Finger Rock Trail to Mount Kimball, Catalina Mountains, Tucson
A Trail near Tucson worth checking out is the Finger Rock Trail, which you can hike for about five miles to reach Mount Kimball. This is an impressive and accessible peak in the Catalinas. However, the hike itself is tough. The trail itself is about 8.2 miles long and gives visitors a chance to see wildlife. Horseback riding and trail running are also popular on this trail.
Wildcat Trail, Monument Valley
With a name like “Monument Valley,” you know a hiking area is going to be impressive. You can explore this area in a few different ways, but the Wildcat Trail is the only way that you can explore this area without being accompanied by a Navajo guide. Start your hike at the campground, and then start descending to the valley floor. You’ll curve through some juniper trees and go around West Mitten to see the Mitten formations for yourself. Overall, the trail is pretty easy, so you can focus on looking around and not on fancy footwork. This self-guided trail is about 3.2 miles in length with 5,400-foot elevation, and it’ll take you about 1.5 to 2 hours to complete. The general admission entry fee is $20, although children six or younger can visit for free.
Havasu Canyon Trail, Seligman
If you want to reach the beautiful waterfall pictured here, you’ll need to get a permit from the Havasupai Indian Reservation. There’s a trailhead that takes you about eight miles into the village of Supai and then a couple more to reach the campground. This is an adventure best saved for a long weekend, because it’ll likely take you at least a couple days to reach the falls and get back. In total, the Havasu Canyon Trail is 20 miles long, and it is accessible year-around. Plan to do this hike as a backpacking trip for a really memorable excursion.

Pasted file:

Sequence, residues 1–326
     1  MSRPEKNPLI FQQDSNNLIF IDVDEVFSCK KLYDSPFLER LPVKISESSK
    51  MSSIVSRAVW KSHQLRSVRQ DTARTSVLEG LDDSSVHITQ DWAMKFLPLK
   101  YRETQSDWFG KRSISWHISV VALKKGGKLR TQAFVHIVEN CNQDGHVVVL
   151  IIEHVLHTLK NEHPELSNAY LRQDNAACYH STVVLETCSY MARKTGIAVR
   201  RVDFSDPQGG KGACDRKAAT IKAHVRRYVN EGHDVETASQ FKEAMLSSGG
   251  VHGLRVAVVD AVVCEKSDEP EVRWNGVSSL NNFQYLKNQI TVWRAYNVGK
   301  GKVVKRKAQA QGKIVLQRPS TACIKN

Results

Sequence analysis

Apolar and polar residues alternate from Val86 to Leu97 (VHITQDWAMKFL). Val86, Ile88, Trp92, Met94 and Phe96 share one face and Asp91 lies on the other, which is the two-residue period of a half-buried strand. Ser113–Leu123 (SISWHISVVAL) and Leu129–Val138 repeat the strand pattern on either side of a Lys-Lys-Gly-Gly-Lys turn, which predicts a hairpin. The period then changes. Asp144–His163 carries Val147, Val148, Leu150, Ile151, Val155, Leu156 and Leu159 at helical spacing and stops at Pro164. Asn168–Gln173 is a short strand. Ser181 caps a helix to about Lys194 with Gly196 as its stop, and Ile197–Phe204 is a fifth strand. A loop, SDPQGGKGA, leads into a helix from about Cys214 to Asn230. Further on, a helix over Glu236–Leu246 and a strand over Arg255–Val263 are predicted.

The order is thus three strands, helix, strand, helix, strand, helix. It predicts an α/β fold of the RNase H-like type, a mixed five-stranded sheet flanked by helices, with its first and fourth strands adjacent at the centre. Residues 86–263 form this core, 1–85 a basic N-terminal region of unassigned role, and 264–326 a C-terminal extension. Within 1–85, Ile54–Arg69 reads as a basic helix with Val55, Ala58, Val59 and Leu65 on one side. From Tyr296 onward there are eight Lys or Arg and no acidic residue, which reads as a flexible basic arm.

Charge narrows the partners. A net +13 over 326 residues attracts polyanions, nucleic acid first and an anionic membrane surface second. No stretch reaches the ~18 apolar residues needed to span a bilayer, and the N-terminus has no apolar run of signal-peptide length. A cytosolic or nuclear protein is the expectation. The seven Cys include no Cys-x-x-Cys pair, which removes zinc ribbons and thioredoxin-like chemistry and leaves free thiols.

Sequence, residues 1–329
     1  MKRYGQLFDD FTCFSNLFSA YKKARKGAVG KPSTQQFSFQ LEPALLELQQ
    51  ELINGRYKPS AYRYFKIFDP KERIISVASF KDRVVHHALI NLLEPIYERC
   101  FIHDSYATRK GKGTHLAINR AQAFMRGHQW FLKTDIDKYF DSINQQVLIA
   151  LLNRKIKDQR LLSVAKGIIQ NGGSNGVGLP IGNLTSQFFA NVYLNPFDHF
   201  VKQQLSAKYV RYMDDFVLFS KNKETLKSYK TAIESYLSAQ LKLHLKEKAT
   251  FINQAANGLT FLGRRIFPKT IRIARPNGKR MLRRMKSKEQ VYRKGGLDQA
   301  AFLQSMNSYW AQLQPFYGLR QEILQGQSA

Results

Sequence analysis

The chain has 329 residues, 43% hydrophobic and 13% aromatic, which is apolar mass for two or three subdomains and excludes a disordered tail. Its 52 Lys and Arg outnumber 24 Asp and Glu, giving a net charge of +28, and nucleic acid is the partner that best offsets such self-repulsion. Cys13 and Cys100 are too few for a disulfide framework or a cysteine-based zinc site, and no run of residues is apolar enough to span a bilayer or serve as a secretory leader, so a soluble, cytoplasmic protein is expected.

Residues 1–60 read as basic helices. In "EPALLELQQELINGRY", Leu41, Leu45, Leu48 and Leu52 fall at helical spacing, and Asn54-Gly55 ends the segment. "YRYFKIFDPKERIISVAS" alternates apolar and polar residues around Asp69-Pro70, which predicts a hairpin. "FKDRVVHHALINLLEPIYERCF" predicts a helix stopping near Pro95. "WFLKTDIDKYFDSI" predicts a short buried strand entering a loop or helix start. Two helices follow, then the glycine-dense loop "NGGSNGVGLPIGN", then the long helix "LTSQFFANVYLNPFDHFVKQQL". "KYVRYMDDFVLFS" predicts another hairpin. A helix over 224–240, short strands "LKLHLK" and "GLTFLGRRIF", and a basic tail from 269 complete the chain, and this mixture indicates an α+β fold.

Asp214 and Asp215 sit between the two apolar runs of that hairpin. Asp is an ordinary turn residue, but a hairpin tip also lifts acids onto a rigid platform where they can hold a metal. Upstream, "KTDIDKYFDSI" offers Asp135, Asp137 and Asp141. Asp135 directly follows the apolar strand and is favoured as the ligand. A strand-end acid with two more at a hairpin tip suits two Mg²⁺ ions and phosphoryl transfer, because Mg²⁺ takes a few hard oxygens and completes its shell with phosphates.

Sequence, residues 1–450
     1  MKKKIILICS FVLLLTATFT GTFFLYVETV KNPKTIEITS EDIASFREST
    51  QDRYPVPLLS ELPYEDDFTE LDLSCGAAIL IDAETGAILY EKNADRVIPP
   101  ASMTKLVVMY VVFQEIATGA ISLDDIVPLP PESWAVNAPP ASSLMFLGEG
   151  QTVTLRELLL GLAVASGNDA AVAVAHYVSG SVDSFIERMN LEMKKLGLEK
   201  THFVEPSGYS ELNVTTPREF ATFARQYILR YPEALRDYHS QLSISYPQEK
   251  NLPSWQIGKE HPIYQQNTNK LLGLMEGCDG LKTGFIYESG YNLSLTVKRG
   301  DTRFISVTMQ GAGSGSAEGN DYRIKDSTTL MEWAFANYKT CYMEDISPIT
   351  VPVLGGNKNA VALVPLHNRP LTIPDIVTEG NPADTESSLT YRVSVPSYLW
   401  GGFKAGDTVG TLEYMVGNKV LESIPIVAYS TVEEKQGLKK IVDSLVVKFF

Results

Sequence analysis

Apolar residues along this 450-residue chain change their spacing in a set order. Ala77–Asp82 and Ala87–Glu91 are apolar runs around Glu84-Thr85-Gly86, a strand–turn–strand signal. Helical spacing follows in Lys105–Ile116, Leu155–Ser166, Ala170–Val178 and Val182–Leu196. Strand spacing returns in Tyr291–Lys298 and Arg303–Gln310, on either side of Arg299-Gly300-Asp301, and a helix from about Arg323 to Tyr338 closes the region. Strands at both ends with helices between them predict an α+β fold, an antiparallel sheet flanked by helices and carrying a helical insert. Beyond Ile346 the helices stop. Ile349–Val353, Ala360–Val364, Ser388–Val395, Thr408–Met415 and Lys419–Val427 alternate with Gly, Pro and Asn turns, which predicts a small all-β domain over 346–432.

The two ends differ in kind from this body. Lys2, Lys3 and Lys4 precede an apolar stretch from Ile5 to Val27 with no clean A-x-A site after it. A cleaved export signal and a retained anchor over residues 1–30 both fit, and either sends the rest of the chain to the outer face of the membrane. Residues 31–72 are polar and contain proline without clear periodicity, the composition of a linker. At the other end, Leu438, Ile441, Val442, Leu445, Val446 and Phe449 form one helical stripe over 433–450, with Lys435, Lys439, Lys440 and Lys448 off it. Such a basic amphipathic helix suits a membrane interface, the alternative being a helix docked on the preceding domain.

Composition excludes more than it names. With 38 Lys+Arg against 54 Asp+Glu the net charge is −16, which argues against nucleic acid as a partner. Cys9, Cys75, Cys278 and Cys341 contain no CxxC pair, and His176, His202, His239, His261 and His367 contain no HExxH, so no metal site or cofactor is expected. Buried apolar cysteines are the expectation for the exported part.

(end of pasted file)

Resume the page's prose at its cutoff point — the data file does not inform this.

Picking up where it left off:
South Kaibab Trail, Grand Canyon
There are lots of amazing hiking routes in the Grand Canyon, but one of the most enduringly popular ones is the South Kaibab Trail. If you take this trail to Bright Angel Campground, that’ll be about 27.8 miles of very strenuous hiking. The Tonto Trail in Cottonwood Creek will take you about 4-5 hours, and the route from there to South Kaibab takes about 10-11 hours. This is a hike best saved for either March through June or September through November. Plan to spend 4-5 days on this hike. Mules also travel along the South Kaibab Trail.